Clinical pharmacology as specialisation
At CHDR, all of our researchers have the opportunity to become board-certified as a clinical pharmacologist. Our programme in clinical pharmacology provides specialised training to physicians and research graduates with a biomedical and/or pharmaceutical background. The programme can be completed in one year (full-time), or it can be completed over several years (part-time).
The curriculum includes a variety of ‘hands-on’ courses and practical training in conducting clinical studies in both healthy volunteers and patients, including the underlying science. Moreover, clinical work ‒ for example, advising physicians regarding the choice, dosage, adverse effects, and interactions of drugs ‒ is part of the programme. Trainees join grand rounds in the Internal Medicine department and discuss the pharmacotherapeutic choices afterwards. The clinical pharmacology programme usually culminates in the completion of a PhD thesis.
Clinical research practice / Student Internships: Education always has a high priority at CHDR
At CHDR, we typically host more than ten student interns each year. Our student intern training programme is available to Master’s students with an interest in biomedical research.
The program combines the transfer of knowledge with helping students learn new skills and experience state-of-the-art methodologies in drug studies with human subjects. Our students learn how to design and conduct clinical studies, and they learn how to analyse and/or model the data. Students also have the opportunity to learn basic research, for example finding and validating new biomarkers. In this respect, our programme provides unique insights into the processes underlying the development of new drugs and methodologies. The training programme can last from 12 weeks up to 9 months, and all studies are performed under the close supervision of trained professionals.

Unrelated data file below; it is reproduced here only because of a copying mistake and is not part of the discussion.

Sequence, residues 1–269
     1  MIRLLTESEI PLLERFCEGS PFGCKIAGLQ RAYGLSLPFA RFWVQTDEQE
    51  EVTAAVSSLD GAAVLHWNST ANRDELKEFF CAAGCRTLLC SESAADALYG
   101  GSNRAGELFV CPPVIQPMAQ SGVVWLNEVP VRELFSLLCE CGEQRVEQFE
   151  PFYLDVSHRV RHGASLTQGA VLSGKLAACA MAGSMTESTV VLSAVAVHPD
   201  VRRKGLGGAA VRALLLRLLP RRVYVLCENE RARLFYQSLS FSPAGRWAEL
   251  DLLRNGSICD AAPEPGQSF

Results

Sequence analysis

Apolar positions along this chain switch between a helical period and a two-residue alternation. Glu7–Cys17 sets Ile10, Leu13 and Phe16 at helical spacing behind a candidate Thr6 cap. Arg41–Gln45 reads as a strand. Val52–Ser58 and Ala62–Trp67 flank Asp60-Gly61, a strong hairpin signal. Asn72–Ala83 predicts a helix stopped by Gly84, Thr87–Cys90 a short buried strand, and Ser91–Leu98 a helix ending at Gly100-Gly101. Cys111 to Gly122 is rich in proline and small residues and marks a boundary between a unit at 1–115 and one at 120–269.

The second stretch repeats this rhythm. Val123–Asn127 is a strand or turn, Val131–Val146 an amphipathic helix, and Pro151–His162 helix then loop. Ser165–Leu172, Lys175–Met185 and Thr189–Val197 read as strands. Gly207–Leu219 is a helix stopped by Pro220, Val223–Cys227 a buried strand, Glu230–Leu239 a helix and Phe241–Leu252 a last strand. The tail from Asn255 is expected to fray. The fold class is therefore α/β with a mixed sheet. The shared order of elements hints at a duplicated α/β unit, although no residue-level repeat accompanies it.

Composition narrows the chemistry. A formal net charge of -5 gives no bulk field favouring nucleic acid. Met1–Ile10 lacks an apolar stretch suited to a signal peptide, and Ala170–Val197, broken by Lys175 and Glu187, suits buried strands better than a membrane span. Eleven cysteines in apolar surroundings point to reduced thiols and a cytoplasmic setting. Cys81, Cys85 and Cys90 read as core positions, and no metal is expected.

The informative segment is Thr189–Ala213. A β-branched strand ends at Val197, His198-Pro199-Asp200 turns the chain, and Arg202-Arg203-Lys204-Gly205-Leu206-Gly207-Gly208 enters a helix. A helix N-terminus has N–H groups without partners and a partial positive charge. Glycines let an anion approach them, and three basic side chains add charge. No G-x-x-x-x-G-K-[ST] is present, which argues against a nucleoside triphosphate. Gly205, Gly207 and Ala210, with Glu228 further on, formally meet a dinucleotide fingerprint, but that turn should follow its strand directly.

In addition to student internships, we also offer a Master’s level course in Clinical Pharmacology together with the LUMC Pharmacy. For more information, please contact us.
Teaching Resource Center
Healthcare professionals are increasingly confronted with diverse medicines, higher costs and a greater number of drug misadventures. We assume that with improved pharmacologic and pharmacotherapeutic knowledge, the quality of drug use will increase. Thus, the Teaching Resource Centre (TRC) was conceived and founded by CHDR to develop new methods for the teaching of clinical pharmacology and therapeutics.